Sasaki N., Lee I., Ayukawa Yu, Yamada H. Clinical Applications of Electrointestinography in the Horse // Journal of Equine Science. 2004. Vol. 15. No. 4 pp. 85–92.

Популярно о болезнях ЖКТ Лекарства при болезнях ЖКТ Если лечение не помогает Адреса клиник

Авторы: Sasaki N. / Lee I. / Ayukawa Yu / Yamada H.


Journal of Equine Science

Clinical Applications of Electrointestinography in the Horse

Naoki Sasaki, Inhyung Lee, Yu Ayukawa, Haruo Yamada

Department of Veterinary Surgery, Obihiro University of Agriculture & Veterinary Medicine, Inada-town, Obihiro-city, Hokkaido 080-8555, Japan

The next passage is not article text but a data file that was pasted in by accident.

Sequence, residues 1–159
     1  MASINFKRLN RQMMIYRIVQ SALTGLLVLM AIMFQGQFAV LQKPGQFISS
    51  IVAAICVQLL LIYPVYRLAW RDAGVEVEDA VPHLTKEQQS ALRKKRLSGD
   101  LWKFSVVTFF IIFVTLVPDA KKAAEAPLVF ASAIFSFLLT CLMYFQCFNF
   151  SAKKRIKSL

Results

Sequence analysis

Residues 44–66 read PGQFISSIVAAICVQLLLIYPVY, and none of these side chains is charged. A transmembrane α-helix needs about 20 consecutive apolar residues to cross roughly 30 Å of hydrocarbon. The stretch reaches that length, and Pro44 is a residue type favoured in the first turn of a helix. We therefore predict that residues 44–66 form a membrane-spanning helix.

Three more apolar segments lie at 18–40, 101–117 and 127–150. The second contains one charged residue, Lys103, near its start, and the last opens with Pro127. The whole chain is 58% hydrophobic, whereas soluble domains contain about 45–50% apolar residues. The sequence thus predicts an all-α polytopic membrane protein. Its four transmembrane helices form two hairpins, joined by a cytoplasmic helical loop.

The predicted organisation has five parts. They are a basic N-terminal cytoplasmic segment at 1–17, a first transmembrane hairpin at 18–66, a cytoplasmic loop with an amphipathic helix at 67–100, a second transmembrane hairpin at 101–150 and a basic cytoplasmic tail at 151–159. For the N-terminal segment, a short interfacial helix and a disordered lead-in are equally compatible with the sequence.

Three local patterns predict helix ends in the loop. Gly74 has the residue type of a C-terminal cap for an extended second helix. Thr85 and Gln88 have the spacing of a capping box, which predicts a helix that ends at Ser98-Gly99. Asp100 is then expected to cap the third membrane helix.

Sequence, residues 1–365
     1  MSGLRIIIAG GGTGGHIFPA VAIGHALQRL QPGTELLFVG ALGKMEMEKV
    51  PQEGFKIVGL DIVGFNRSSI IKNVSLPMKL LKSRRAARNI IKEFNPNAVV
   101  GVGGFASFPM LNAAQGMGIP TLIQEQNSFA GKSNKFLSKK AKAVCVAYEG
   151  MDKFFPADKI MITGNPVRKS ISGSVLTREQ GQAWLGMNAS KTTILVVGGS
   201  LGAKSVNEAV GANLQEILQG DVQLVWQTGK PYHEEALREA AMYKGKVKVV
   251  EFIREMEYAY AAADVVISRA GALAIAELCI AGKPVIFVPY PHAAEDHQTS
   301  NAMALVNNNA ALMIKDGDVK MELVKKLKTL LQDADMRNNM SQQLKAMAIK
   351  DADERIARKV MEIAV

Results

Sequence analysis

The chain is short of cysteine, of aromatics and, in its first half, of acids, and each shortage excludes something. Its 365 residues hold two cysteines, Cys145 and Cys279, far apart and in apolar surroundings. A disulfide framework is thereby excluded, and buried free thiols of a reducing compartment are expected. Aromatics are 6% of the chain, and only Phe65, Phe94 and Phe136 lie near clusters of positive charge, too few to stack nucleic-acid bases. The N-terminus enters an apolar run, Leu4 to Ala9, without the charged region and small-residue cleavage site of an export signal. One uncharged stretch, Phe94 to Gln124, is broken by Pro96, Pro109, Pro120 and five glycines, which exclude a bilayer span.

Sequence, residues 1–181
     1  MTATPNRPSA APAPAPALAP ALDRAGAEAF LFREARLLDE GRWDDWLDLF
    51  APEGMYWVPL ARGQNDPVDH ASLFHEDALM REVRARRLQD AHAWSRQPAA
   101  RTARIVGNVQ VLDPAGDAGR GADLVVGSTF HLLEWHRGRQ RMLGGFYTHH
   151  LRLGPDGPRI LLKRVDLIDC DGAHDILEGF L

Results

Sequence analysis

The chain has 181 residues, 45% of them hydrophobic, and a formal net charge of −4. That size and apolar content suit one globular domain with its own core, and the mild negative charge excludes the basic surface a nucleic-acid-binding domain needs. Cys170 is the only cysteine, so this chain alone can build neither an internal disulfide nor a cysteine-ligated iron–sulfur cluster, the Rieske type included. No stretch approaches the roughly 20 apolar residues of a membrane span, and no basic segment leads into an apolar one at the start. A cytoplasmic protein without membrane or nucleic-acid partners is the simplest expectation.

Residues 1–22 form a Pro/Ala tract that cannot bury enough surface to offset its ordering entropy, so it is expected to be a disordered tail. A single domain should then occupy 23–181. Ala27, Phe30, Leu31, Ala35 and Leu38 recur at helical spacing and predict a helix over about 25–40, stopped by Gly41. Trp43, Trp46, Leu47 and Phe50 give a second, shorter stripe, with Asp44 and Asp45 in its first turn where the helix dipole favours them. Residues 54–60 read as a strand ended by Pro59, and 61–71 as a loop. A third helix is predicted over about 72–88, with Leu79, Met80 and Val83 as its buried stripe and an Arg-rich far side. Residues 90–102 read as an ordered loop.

It is thought that in order to effectively treat gastrointestinal dysfunction, it should be detected at an early stage. The present study aimed to observe the movement via Electrointestinography (EIG) in the small intestine, cecum, right ventral colon and right dorsal colon, and to examine the procedure for assessing gastrointestinal function. Seven healthy thoroughbred horses were used. They were allowed food twice a day. EIG was measured at ten-minute intervals over a 24 hr period, and running spectral analysis was used. As a result, it was clear that EIG could non-invasively assess gastrointestinal function by setting the cut-off value of the frequency band to 1.8–12.0 cpm for a part of the digestive tract which is in a comparatively fixed position. The running spectral analysis could be used to visually interpret the change in the EIG power. In the small intestine, cecum, right ventral colon and right dorsal colon, a significant increase was observed for about 1–4 hr during which feeding took place at the maximum amplitude and the total power of the EIG wave. Because 3 cpm of the total power could be influenced by artifacts, analysis at 6 cpm is recommended, when the total power was assumed to be an indicator. In conclusion, it was considered capable of effectively detecting two indicators of 6 cpm of the total power and maximum amplitude for assessing change in the digestive tract voltage in medical practice.